Luna On-Demand 3D-Printed Bicycle Eliminates Stocking Needs

Does manufacturing bicycles on demand sound a bit wacky? Maybe it does to some, but the idea definitely sounded great to industrial designed Omer Sagiv. So he mustered his creativity and came up with Luna, a bicycle which mixes 3D-printed parts with off-the-mill ones into a concept which may play an important role in making the industry more efficient and even more fun.
Luna 3D-Printed Bicycle 5 photos
Photo: Omer Sagiv
Luna 3D-Printed BicycleLuna 3D-Printed Bicycle includes off-the-shelf partsLuna 3D-Printed Bicycle made of nylonLuna 3D-Printed Bicycle concept
It’s hard to decide which is the most important feature of Sagiv’s concept, so we’ll just pick a random order. First of all, it’s the on-demand thing, which minimizes the stocking needs and reduces the costs with rent, additional workers, security and all. The designer doesn’t specify how long it would take to 3D print a bike’s components. We can guesstimate a matter of hours, which makes day after (or so) orders viable. Even so, a waiting time of several days is no drama when it comes to such creations.

No moulds, no tooling needed

Using only few ready-made components and keeping a strict eye on the quality of the 3D-printed ones provides whoever would pick the project up with very little extra work to do. No tooling is needed and no expensive moulds are involved in the manufacturing process, which reduces costs.

Even more, the design of the bike can be instantly changed as needed, with no other manufacturing-related components needed. The builder just loads up the CAD model and the 3D printer will take care of everything, with excellent on-the-fly adjustability.

This versatility also makes the Luna future-proof, as making changes in the design is easy and doesn’t involve too many costs. When special demands are received from a customer or when technological advances require design updates, the 3D printer will quickly implement them without hassle.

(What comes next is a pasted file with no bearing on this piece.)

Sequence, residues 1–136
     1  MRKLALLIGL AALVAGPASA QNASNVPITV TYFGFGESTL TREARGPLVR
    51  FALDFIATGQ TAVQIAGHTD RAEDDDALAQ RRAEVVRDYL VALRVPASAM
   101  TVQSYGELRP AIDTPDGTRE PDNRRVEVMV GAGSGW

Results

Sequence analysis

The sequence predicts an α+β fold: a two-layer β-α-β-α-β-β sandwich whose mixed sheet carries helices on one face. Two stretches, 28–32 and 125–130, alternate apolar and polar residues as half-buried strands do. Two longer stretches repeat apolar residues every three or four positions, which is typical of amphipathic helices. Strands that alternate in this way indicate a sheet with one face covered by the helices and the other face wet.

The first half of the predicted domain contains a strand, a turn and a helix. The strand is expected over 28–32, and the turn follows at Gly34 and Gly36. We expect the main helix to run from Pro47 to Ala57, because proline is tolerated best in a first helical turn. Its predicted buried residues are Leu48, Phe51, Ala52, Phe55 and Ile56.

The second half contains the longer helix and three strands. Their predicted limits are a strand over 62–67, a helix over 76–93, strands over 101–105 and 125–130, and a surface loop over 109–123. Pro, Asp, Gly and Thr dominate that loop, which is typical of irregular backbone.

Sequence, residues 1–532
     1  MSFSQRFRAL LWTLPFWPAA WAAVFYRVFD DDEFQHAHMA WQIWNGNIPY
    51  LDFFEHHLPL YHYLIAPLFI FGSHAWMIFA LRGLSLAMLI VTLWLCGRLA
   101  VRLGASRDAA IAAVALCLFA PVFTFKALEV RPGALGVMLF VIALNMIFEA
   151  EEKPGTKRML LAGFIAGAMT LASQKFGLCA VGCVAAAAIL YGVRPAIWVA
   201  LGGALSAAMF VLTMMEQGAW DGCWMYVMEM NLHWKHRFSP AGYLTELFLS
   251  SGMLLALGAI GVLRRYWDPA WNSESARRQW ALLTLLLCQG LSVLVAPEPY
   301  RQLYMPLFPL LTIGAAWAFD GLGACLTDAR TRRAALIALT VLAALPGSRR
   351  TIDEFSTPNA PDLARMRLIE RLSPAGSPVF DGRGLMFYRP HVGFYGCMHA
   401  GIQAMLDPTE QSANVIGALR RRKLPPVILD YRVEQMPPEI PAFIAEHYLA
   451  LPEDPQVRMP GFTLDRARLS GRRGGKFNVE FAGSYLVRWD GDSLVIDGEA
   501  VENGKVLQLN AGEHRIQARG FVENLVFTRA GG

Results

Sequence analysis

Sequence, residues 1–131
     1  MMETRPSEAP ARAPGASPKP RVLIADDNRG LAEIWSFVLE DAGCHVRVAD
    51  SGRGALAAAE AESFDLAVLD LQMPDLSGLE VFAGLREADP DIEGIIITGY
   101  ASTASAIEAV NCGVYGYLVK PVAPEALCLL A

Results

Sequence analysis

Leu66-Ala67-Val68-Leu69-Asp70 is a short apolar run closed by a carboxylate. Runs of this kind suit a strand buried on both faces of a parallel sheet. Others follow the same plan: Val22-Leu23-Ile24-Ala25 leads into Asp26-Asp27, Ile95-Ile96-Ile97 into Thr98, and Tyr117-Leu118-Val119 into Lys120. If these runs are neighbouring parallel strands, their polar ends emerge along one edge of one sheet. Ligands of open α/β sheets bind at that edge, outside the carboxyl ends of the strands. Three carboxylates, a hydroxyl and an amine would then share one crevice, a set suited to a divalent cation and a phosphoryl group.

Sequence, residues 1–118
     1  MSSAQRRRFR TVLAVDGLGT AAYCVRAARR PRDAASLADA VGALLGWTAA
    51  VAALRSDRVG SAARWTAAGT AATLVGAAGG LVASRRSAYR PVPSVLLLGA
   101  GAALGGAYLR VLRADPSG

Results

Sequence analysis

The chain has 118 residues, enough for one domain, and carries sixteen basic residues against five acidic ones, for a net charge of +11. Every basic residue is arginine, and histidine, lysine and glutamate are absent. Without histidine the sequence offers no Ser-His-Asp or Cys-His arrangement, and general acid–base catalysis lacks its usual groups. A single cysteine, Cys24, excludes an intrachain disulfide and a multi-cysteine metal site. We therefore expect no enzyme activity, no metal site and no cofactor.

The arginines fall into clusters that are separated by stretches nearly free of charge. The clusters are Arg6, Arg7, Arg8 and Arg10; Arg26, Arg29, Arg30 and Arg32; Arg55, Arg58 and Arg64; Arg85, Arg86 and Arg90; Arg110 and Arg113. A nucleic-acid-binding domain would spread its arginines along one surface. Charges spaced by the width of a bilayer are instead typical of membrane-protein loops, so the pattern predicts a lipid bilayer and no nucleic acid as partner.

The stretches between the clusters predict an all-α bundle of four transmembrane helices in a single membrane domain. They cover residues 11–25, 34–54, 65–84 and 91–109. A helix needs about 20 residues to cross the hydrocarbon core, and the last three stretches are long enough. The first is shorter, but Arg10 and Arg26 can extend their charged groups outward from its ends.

Selective laser sintering (SLS) brings in the goodies

The fancy features commonly met in other modern bikes are so far absent from Luna, but there’s little to no limit at all when it comes to making things more complex. The concept exudes lightweight construction and clean shapes, thanks to the structural strength of the nylon used for the selective laser sintering (SLS) printer.

Luna can mix fashionable designs with functional approaches, while maintaining the same good-looking attire and without impacting safety or usability, and this feature is simply great. Obviously taking the extra step and implementing electric mobility is most likely the next stage in the development of such concepts, and by all means, Luna will be ready for the future.

Until 3D printing establishes a former foothold in our civilization, it’s always great to see guys like Omer Sagiv imagining what the not-so-distant-future might bring.
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